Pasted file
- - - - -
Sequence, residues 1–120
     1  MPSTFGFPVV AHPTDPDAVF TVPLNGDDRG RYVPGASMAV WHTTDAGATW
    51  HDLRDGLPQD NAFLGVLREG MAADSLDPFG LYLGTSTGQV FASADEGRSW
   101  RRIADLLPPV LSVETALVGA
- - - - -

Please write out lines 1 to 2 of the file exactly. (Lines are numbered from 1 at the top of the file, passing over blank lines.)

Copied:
Sequence, residues 1–120
     1  MPSTFGFPVV AHPTDPDAVF TVPLNGDDRG RYVPGASMAV WHTTDAGATW